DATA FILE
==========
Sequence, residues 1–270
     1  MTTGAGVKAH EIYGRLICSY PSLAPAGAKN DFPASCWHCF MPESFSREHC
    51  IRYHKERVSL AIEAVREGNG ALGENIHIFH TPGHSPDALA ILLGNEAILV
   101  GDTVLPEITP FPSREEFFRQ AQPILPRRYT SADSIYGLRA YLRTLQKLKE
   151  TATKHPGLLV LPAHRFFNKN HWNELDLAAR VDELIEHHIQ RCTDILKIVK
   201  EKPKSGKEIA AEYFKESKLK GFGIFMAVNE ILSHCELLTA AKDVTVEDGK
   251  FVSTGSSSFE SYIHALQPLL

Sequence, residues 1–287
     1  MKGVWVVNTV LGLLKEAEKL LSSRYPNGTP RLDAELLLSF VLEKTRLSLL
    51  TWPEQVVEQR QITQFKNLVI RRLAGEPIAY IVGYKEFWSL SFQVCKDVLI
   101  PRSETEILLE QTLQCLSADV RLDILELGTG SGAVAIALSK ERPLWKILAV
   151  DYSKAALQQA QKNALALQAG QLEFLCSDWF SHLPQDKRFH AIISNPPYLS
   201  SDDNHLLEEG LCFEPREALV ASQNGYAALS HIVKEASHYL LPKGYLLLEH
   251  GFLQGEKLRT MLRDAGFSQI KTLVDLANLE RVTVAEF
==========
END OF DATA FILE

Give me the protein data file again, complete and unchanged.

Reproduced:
Sequence, residues 1–270
     1  MTTGAGVKAH EIYGRLICSY PSLAPAGAKN DFPASCWHCF MPESFSREHC
    51  IRYHKERVSL AIEAVREGNG ALGENIHIFH TPGHSPDALA ILLGNEAILV
   101  GDTVLPEITP FPSREEFFRQ AQPILPRRYT SADSIYGLRA YLRTLQKLKE
   151  TATKHPGLLV LPAHRFFNKN HWNELDLAAR VDELIEHHIQ RCTDILKIVK
   201  EKPKSGKEIA AEYFKESKLK GFGIFMAVNE ILSHCELLTA AKDVTVEDGK
   251  FVSTGSSSFE SYIHALQPLL

Sequence, residues 1–287
     1  MKGVWVVNTV LGLLKEAEKL LSSRYPNGTP RLDAELLLSF VLEKTRLSLL
    51  TWPEQVVEQR QITQFKNLVI RRLAGEPIAY IVGYKEFWSL SFQVCKDVLI
   101  PRSETEILLE QTLQCLSADV RLDILELGTG SGAVAIALSK ERPLWKILAV
   151  DYSKAALQQA QKNALALQAG QLEFLCSDWF SHLPQDKRFH AIISNPPYLS
   201  SDDNHLLEEG LCFEPREALV ASQNGYAALS HIVKEASHYL LPKGYLLLEH
   251  GFLQGEKLRT MLRDAGFSQI KTLVDLANLE RVTVAEF